Perhaps the label might be helpful in providing the shared understanding of Enterprise. I’ve read references to internal software built by internal teams for internal users, proprietary software built by external teams and sold to consumers, and more. To me, those are delivery mechanisms, not the diagnostic.
When I hear the term Enterprise used, I believe it’s in reference to solutions having a direct relationship with someone’s job. With that, Enterprise can be a label used to describe systems used to satisfy the needs of a job. That can be anything from SAP to Facebook, as long as it’s being used to meet those needs.
I also believe Enterprise design is facilitating relationships between multiple systems, organizations relying on these systems, and users. CRM, Learning Management, Workforce Management, Knowledge Management, Performance Management, Multi-channel, Voice of the Customer, etc. are examples of these types of systems. Each example could, by itself, be a rather ‘large’ system with scale, wickedness, and proximity issues. If you consider the daily interactions of an Enterprise user (someone using a solution for their job), one has to understand they are traversing in and out of these systems for any given process.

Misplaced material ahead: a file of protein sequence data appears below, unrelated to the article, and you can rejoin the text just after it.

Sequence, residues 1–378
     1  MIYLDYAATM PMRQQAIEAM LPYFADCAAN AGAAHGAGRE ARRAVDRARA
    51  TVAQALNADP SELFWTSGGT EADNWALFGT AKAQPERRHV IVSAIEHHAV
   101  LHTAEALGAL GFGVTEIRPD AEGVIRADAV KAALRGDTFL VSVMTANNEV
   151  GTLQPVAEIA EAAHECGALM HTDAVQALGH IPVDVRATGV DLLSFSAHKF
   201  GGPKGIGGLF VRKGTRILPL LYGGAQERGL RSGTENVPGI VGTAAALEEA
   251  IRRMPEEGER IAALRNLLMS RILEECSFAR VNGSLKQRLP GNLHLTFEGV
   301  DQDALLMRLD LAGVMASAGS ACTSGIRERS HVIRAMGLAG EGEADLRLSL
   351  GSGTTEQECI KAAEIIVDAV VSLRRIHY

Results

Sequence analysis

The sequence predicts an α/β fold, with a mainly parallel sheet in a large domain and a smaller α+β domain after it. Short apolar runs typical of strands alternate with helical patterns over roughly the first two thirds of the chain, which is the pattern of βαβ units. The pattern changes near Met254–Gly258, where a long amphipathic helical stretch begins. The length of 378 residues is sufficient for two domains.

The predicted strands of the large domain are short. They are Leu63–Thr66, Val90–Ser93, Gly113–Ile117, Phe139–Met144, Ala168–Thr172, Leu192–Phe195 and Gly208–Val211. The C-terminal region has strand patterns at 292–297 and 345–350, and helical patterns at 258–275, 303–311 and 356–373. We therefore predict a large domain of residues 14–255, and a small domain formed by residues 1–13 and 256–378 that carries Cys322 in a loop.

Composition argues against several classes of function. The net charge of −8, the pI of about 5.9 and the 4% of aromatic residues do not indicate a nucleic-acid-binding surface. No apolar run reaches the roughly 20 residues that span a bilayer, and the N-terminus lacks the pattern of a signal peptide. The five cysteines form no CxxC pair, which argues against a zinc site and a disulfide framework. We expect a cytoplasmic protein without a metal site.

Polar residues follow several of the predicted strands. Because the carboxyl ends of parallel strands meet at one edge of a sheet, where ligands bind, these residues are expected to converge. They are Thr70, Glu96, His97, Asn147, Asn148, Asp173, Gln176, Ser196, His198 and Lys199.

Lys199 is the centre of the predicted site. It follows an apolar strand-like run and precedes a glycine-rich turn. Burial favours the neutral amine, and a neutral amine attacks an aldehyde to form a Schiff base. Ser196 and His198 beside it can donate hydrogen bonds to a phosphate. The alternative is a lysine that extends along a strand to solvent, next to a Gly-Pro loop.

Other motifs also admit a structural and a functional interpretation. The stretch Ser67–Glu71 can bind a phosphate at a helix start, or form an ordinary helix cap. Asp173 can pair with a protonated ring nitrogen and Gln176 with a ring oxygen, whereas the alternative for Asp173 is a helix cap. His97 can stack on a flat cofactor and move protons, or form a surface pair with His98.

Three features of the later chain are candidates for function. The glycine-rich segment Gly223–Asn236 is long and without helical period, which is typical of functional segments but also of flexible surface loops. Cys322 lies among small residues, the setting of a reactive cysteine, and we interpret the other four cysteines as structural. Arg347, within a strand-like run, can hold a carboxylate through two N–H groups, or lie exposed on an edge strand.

To reiterate on what Dave mentioned above, the practice of design for Enterprise may differ from that of many consumer products because of these relationships between systems. Designers need to be aware of these relationships, or dimensions as Jared wrote. That doesn’t make the practice more difficult, but many designers don’t deal with these specific dimensions on a day to day basis, so it’s different. There is less literature about the dimensions, so I believe this discussion is about exactly that.
Similar to a consumer context, Enterprise users are constantly looking for alternatives. They have simple, "easy-to-use” solutions in other areas of their lives and are looking to incorporate these types of solutions into their professional lives. Many users take matters into their own hands, finding and using alternative solutions which fly under the IT radar. Eventually, many of those solutions are discovered and shut down; largely due to security and stability concerns. I see this as a massive opportunity lost for organizations. Instead of listening and discovering why users have sought other solutions, many orgs simply make these solutions go away. This is where the practice of design can play a major role.
All that said, my practice of design in an enterprise context means I work directly with business and technology counterparts on a daily basis. What I mean by that is, in order to incorporate design into the end-to-end process, I have to understand the languages my colleagues speak and in turn, be able to communicate design in those languages. For me, this has provided a lot of exposure to many areas I don’t believe I would be exposed to otherwise. I work daily with teams from Legal, Finance, Procurement, Business Strategy, Operations, Public Relations, IT, etc. This has proved to be invaluable, as it affords me constant opportunities to incorporate design approaches into different areas of the business. It’s not special, it’s not harder, the context is just different.